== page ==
NOVEL APPROACH: Failing ‘Adulthood’

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First Posted: 5/13/2013

Sometimes our laughter cannot be contained, especially when it seems wildly inappropriate. Like that time at the mall when a stranger fell down the escalator or the time you realized Grandma’s blush was two shades too ridiculous at her vigil. Now, imagine a book encompassing a mixture of that woe and comedy together and you would find yourself reading newcomer Alida Nugent’s memoir, “Don’t Worry, It Gets Worse: One Twentysomething’s (Mostly Failed) Attempts at Adulthood”.

For those unacquainted with Nugent, she first came into the spotlight with her widely popular online blog, The Frenemy, which soon led to her work with “Huffington Post” and “Gothamist.”

In Nugent’s book, she explores her venture into her unfortunate, but funny, past, as we follow her throughout post-graduate life. Generally, this is a time young adults believe they have every advantage. They are optimistic, hungry, and driven. They are unstoppable – or so they thought.

Here, Nugent gives us the reality of it all, delving into her many failed attempts to follow the road to adulthood. Her forays into unemployment and relationships display the often-dismal truth that life presents to us. However, even in that, Nugent rejoices in her ability to maintain positive or at least revel in catastrophe.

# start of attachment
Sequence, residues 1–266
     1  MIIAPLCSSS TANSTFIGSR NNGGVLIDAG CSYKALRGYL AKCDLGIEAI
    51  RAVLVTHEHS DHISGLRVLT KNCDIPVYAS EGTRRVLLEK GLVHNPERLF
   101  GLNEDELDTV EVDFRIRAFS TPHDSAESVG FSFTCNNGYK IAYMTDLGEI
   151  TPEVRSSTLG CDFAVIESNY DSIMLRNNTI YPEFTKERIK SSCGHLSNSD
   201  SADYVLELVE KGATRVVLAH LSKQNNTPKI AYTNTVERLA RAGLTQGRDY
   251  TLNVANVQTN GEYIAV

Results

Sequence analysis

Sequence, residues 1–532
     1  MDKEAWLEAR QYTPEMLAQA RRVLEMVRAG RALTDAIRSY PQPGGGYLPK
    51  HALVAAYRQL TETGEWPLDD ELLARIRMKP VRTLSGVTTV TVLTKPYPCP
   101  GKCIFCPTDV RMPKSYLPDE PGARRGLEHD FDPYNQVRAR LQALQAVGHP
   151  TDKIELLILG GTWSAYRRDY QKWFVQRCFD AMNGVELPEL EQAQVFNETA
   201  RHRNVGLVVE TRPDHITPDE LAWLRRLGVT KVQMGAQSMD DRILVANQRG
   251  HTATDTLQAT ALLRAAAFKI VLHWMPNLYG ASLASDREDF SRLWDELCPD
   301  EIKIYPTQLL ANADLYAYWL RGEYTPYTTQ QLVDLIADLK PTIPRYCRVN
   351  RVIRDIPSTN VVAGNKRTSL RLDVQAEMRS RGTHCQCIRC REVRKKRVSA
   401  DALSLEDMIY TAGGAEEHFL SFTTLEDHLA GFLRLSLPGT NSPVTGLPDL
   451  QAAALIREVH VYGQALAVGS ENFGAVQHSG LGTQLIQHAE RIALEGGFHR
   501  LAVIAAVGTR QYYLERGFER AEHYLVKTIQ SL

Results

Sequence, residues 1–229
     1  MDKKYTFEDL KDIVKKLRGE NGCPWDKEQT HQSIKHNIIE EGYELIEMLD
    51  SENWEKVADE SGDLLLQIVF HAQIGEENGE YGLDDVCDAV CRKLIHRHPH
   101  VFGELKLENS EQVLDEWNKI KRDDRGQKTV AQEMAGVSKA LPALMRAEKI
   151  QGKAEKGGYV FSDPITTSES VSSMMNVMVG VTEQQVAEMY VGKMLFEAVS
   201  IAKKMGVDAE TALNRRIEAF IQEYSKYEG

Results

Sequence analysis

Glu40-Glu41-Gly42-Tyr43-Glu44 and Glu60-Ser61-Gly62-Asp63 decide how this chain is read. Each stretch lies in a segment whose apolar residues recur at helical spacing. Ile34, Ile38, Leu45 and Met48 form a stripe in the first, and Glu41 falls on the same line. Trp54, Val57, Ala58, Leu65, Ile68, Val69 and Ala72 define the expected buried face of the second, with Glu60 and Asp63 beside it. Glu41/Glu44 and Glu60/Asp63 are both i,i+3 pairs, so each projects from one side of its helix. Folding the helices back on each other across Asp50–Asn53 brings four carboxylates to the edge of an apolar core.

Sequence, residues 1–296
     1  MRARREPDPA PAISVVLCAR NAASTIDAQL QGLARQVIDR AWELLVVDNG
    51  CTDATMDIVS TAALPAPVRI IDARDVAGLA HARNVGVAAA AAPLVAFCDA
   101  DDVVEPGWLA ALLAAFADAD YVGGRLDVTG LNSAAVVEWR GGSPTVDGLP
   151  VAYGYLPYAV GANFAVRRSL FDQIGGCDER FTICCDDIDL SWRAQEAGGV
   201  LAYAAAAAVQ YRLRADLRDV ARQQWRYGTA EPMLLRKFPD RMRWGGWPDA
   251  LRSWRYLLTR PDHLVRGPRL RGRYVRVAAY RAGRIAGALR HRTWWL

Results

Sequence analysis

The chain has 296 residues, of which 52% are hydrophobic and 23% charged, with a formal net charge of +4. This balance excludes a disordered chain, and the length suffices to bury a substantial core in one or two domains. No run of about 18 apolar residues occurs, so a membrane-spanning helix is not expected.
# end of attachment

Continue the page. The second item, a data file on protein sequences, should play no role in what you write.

Nugent seems to gather that, try as we might, none of us have it all together 100 percent of the time. As John Hughes has taught us, “some of us are just better at hiding it” or in Nugent’s case, making fun of it.

Just in case you are unsure if the book is right for you, Nugent offers readers a quick and simple survey. It begins: “Does your college degree hang over your head like a rain cloud made of student loans, false hopes, and rapidly fading dreams? Would you rather eat hummus or cheese than have sex with somebody who doesn’t read books, drinks protein shakes, or has a goatee?” If you answered yes, keep reading, because this book is for you.

The memoir reads more like a conversational blog or set of brief essays that discusses topics ranging from obtaining your first apartment to body image. While some topics are tongue-in-cheek, Nugent also presents a very strong and serious voice of empowerment for women.

No matter what age or stage in your life, “Don’t Worry, It Gets Worse” is a wonderful gift that keeps readers laughing the entire way. Full of reality, Nugent seems to make the best of every terrible situation, emphasizing that sometimes there is no greater remedy than laughter.